Presentation is loading. Please wait.

Presentation is loading. Please wait.

Subduction Zones.

Similar presentations

Presentation on theme: "Subduction Zones."— Presentation transcript:

1 Subduction Zones


3 Geosyncline

4 What We Actually See

5 What Does This Look Like?



8 Andes – True Scale

9 Continent-Continent Collision

10 Continent-Terrane Collision

11 Where Does Ocean Crust Go?
Hugo Benioff, 1954 1. How we know plate tectonics happens

12 Benioff’s Interpretation
1. How we know plate tectonics happens

13 Benioff’s Interpretation Updated
1. How we know plate tectonics happens

14 How Plates Move

15 A Subduction Zone

16 Subduction and Metamorphism

17 Why Mountains are High

18 Where the Plates Meet

19 Terrane Accretion

20 Terranes in Western North America

21 Subduction Zone Rocks

22 Steinmann Trinity (1905) Serpentinite Pillow Basalt Radiolarian Cherts
Characteristic of ophiolite settings Other Distinctive Rocks Graywacke and Flysch Blueschist

23 Bedded Chert

24 Serpentinite

25 Serpentinite

26 Magnesite Mines in Serpentinite

27 Pillow Lava

28 Pillow Lava

29 Pillow Lava

30 Blueschist

31 Graywacke

32 Flysch

33 Melange

34 Melange

35 Eclogite

36 Molasse, Switzerland

37 Molasse and the High Alps

38 Wisconsin 2 Billion Years Ago

39 1900 MY Penokean Orogeny

40 Before the Penokean Orogeny

41 First Collision

42 Second Phase

43 Marshfield Terrane Collides

44 Assembling North America

45 Assembling North America

46 1700 MY Granite and Rhyolite

47 Mazatzal Orogeny

48 Cactus Rock

49 Baraboo Interval Quartzites

50 “Baraboo Interval”

51 Yavapai Orogeny

52 Baraboo Quartzite

53 Mazatzal-Yavapai Events

54 1450 MY Wolf River Batholith

55 Wolf River Batholith

56 1100 MY Mid-Continent Rift

57 The Grenville Orogeny Begins

58 The Grenville Orogeny

59 A Subduction Zone The story begins where two oceanic plates converge and one sinks into the earth's mantle, a process called subduction. In these diagrams light green indicates basaltic oceanic crust, dark green is a layer of the earth's mantle about 100 kilometers thick that forms the base of the plate. These two units collectively are called the lithosphere. Brown represents deeper mantle and red represents young igneous rocks. An ocean trench marks the place where the descending plate sinks into the mantle.


61 When the descending plate reaches about 100 kilometers deep it begins to be heated.

62 The descending plate has been soaking in sea water for many millions of years and is wet. Heating drives water into the surrounding mantle.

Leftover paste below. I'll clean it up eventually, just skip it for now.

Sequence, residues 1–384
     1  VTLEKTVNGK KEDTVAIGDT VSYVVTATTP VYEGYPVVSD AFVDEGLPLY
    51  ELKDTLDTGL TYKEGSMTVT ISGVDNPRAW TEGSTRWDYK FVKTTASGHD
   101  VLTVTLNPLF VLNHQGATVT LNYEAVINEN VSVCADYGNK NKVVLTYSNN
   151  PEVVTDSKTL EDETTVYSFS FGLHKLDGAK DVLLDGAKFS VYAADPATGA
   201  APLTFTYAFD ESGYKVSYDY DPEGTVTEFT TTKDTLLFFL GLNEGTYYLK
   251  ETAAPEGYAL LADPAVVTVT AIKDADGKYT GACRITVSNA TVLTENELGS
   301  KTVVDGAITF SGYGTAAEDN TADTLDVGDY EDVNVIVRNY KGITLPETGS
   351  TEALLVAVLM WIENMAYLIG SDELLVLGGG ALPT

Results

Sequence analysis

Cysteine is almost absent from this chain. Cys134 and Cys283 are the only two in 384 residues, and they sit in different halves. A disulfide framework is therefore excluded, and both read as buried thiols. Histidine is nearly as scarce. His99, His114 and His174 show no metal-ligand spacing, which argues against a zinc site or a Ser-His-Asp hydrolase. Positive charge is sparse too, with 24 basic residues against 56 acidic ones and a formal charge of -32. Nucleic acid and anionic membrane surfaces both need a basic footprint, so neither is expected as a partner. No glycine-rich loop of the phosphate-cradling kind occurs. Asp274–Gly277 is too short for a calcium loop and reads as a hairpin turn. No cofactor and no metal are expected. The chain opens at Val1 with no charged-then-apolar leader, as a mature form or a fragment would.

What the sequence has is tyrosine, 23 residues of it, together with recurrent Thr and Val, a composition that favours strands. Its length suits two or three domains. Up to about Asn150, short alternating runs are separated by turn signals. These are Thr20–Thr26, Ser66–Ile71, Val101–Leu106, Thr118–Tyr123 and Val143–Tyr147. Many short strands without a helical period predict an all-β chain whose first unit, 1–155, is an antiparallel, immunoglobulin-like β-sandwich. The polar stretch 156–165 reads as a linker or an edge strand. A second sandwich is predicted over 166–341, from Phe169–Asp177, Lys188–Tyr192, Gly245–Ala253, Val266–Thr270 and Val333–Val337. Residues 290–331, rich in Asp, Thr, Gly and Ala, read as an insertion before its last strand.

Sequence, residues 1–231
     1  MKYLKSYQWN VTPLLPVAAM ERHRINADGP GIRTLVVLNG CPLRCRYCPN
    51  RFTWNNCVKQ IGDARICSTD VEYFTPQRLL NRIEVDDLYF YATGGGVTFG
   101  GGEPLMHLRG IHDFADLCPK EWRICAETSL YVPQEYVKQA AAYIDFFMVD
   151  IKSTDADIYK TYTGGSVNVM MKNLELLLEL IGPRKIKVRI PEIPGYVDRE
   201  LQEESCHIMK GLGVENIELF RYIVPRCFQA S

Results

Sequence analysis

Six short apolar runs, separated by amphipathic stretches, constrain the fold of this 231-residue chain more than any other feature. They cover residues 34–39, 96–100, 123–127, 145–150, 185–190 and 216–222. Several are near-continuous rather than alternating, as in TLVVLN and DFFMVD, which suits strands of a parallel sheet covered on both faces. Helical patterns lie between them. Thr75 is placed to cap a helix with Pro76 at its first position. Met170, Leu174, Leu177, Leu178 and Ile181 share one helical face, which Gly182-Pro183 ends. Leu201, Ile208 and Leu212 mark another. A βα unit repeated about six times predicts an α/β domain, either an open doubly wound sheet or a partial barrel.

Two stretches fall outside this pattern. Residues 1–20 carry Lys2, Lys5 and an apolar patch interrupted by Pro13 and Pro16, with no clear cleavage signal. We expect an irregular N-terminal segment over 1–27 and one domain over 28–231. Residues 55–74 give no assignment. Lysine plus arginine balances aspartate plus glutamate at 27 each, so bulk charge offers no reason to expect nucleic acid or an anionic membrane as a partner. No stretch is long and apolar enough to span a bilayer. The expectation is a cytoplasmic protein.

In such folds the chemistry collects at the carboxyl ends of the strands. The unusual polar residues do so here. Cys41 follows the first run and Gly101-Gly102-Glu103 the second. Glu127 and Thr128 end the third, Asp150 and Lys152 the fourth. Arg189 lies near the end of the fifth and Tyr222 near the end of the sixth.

63 Water doesn't affect just the earth's surface but its deep interior as well. Water lowers the melting point of rocks and causes the adjacent mantle to begin melting. Magma rises upward.

64 How Arcs Grow




68 Exotic Terranes Continued subduction builds a larger volcanic chain and the weight of the volcanoes causes the crust to sag. Erosion off the volcanic arc sheds sediment onto the flanks. Eventually, convergence of the plates may bring a submarine volcano, or seamount, into the subduction zone.

69 When the seamount enters the subduction zone, something has to give.

70 Often the seamount is thrust onto or beneath the arc.

71 When the seamount reaches the subduction zone, it may be shoved under the other plate or may break off and be thrust onto the other plate. Sediment accumulating in the trench also may get shoved onto the arc as well. This process is called obduction.

72 At times, a sliver of oceanic crust may break off and ride onto the other plate as well to form an ophiolite.

73 Submarine volcanic plateaus may also collide with the volcanic arc.

74 The submarine volcanic plateau begins to be thrust onto the arc
The submarine volcanic plateau begins to be thrust onto the arc. It is too thick to be subducted so it will either be thrust onto the arc, or it will cause the subduction zone to relocate somewhere else.

75 Here a submarine volcanic plateau has been added to the arc
Here a submarine volcanic plateau has been added to the arc. Seamounts, ophiolites and volcanic plateaus are all made of igneous rock but ophiolites, in particular, have a distinctive structure that sets them apart.

76 Eventually so much material can be added to the arc that the subduction zone clogs and a new subduction zone forms. Repeating this process over 100 million years can build up a very sizable land mass like Cuba, the other Greater Antilles, or Costa Rica and Panama.

Download ppt "Subduction Zones."

Similar presentations

Ads by Google